ORLANDO, FLA., JUNE 11 -- Lefty Driesell today reiterated his belief that his statement last week that cocaine can be a performance-enhancing drug for athletes was taken out of context, and he said he is a strong advocate of across-the-board drug testing for athletes.

Before his opening remarks at a panel discussion entitled, "Drug and Scandal Coverage" at the Associated Press sports editors' annual convention, Driesell issued a written statement that read, in part:

"I am very upset that my efforts to fight drug problems among young people and athletes could be misunderstood in any way. I'm violently opposed to anyone using drugs in general and cocaine in particular . . . Obviously, some athletes at least think cocaine or other drugs may enhance their performance and that's what we've got to fight."

Driesell, an assistant athletic director at Maryland since his forced resignation as the university's basketball coach last fall, has been widely quoted as saying at a seminar on drug abuse last Friday at the Executive Institute for International Sports in Rhode Island that, "If you know how to use it {cocaine} and use it properly, it can make you play better."

A statement from Daniel E. Doyle Jr. of the Executive Institute for International Sports, said Driesell's remark "regarding cocaine enhancing is being taken completely out of context." Doyle said he issued the statement of his own volition and not at Driesell's request.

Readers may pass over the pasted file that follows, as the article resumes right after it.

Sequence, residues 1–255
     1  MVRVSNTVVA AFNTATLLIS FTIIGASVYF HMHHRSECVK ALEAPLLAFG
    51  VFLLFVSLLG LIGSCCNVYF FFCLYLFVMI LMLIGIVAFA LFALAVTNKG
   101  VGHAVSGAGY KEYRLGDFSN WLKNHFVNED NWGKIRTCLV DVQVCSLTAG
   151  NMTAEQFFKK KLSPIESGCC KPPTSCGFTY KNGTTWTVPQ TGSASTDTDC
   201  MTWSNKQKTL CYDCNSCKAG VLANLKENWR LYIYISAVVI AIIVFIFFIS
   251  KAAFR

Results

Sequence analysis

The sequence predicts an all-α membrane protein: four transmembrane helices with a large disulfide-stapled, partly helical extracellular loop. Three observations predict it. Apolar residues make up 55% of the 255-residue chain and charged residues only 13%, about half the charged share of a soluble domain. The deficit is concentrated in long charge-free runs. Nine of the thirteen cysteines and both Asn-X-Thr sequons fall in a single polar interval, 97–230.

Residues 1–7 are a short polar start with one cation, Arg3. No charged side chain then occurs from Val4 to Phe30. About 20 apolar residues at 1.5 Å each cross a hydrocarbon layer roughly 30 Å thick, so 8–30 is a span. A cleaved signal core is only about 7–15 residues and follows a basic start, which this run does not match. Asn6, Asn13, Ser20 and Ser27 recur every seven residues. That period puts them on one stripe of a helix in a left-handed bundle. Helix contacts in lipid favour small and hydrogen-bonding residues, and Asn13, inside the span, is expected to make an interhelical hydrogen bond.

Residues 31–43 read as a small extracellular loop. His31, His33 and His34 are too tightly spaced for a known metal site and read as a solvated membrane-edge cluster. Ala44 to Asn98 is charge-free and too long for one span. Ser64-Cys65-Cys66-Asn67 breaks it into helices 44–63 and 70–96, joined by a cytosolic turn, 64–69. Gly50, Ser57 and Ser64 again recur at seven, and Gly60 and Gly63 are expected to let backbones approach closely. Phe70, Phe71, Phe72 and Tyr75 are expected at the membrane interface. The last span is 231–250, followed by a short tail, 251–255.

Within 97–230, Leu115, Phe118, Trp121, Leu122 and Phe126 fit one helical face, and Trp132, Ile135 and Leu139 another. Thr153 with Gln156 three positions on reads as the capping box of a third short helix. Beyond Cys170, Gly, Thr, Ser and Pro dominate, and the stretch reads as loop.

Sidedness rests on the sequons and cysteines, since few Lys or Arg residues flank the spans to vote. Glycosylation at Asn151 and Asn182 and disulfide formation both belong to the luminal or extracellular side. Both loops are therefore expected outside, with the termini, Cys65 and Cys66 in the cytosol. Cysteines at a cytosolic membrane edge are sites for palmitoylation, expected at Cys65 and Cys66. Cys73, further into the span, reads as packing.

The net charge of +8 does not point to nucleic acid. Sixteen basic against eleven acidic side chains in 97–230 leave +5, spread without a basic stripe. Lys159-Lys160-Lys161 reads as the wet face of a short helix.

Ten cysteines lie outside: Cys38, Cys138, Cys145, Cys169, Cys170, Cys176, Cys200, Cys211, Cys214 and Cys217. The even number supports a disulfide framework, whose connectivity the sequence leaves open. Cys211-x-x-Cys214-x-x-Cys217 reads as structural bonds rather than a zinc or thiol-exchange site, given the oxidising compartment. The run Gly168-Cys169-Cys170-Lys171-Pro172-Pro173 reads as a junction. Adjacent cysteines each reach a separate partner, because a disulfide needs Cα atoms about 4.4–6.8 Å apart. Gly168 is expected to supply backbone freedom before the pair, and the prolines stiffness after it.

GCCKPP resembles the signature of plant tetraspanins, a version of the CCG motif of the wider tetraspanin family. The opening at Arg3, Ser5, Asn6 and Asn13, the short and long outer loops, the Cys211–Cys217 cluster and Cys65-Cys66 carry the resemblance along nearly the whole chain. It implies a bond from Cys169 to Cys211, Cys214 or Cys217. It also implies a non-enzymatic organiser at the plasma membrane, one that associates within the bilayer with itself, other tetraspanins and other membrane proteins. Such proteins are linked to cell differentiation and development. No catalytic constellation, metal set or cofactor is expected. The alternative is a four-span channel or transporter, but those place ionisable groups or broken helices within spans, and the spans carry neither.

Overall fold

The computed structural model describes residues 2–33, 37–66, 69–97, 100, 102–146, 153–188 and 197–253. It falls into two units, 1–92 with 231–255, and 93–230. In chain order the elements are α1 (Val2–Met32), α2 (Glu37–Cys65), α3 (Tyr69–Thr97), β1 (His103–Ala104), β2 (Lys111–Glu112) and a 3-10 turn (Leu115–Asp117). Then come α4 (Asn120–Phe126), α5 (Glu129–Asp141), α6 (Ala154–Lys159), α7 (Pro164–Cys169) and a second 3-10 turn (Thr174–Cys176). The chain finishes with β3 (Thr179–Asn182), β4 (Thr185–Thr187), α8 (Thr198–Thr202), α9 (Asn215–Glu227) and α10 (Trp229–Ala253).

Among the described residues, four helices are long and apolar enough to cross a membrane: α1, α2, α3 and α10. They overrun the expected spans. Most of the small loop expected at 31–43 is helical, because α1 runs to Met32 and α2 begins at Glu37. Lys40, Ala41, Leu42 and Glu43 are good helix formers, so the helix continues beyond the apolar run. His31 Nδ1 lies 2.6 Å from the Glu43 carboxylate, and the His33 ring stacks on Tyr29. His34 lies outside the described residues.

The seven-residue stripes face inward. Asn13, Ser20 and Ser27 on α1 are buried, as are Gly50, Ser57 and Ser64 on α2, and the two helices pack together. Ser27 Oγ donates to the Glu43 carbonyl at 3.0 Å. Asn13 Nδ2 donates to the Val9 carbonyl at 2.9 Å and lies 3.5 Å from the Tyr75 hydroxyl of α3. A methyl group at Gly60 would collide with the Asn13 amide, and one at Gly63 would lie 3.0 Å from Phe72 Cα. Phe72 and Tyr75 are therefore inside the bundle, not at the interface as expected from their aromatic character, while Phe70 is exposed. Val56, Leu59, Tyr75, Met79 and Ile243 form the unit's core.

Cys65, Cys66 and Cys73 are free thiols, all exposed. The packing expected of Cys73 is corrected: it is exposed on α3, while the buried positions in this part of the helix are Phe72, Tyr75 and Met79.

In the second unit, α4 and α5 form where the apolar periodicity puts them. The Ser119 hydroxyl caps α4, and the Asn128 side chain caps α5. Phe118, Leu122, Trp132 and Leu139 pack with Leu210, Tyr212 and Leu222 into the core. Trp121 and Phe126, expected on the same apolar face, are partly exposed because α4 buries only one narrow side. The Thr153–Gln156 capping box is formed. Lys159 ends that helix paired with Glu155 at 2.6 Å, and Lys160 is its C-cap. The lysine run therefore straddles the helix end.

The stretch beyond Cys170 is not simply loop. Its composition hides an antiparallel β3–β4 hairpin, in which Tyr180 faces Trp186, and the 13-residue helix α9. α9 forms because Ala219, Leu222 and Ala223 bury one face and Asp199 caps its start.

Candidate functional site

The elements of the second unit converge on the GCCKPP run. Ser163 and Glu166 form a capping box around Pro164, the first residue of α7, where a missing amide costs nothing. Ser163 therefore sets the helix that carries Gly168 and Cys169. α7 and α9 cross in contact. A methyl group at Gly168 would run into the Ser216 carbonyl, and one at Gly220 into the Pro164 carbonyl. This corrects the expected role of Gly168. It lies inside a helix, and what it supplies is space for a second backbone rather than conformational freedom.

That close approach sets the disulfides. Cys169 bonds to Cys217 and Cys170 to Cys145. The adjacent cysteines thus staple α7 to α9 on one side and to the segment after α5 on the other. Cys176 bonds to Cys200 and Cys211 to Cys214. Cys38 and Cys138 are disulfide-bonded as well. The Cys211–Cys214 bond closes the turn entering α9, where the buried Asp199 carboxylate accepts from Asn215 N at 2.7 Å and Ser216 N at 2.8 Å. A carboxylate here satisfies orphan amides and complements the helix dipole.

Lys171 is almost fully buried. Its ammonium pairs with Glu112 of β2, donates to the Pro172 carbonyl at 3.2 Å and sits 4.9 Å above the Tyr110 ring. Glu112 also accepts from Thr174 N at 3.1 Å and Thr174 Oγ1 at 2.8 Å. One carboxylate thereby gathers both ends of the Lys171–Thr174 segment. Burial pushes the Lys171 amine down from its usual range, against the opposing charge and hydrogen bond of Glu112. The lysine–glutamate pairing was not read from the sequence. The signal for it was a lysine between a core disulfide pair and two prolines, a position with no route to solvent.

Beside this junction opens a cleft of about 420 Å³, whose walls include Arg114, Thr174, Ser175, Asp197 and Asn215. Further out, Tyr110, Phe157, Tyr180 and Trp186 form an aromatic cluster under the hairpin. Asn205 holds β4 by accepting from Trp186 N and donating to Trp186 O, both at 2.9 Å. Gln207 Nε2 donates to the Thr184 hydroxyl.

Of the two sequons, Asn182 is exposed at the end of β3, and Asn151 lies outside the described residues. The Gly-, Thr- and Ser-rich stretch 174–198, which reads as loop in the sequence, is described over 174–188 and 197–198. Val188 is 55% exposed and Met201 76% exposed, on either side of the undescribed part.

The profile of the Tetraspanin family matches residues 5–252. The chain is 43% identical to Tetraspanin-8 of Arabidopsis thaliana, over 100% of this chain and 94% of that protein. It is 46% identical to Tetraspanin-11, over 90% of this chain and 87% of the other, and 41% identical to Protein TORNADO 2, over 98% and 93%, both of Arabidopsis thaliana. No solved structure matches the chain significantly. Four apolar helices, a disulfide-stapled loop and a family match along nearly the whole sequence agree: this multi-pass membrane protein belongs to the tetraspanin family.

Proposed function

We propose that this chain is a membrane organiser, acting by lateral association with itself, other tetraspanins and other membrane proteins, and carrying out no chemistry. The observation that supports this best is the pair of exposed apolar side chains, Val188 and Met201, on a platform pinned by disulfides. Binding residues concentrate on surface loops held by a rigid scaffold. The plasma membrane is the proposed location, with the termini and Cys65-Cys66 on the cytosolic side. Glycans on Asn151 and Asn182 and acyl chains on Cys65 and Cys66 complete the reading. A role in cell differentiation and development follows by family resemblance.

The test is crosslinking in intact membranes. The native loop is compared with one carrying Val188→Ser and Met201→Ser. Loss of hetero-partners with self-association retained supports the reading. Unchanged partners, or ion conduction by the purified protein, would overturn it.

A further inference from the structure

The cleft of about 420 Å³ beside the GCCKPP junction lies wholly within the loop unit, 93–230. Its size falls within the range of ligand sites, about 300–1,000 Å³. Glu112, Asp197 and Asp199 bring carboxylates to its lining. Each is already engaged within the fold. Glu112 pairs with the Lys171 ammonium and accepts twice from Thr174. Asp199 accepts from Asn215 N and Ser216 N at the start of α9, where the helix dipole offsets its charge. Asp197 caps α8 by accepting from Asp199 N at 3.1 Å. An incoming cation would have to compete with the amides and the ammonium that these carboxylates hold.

"I gave a 90-minute antidrug talk and it really upsets me that 30 seconds of it was taken out of context," Driesell said before the APSE panel discussion. "I'm sorry I used one word -- 'properly.' I shouldn't have indicated that there's a proper way to use these kinds of drugs."

Driesell emphasized that perception among some athletes that cocaine could enhance performance was what concerned him and that he in no way meant to imply that it was accepted -- or acceptable -- behavior.

"Why would I be out condoning drugs when one of my best friends and best players {Len Bias} died from drugs?" he said.

Gary McLain. a former Villanova point guard whose first-person article detailing his use of cocaine during the Wildcats' 1984-85 NCAA championship season appeared in Sports Illustrated in March, agreed with Driesell that the perception that cocaine could help a player's performance is the key issue.

"The fact that {some athletes} believe that it is {performance-enhancing} is the problem," said McLain, also a speaker on the APSE panel today. "The rumor {that cocaine enhances play} has been around for a long time, but it's not true . . . During the game, you're sluggish, you're not at your best."

Asked if he had spoken with any Maryland officials today, Driesell said, "First of all, I was not representing the University of Maryland there {in Rhode Island}, so I don't think they have any position on it."

New Maryland Athletic Director Lew Perkins has said he will meet with Driesell on Monday to discuss the matter.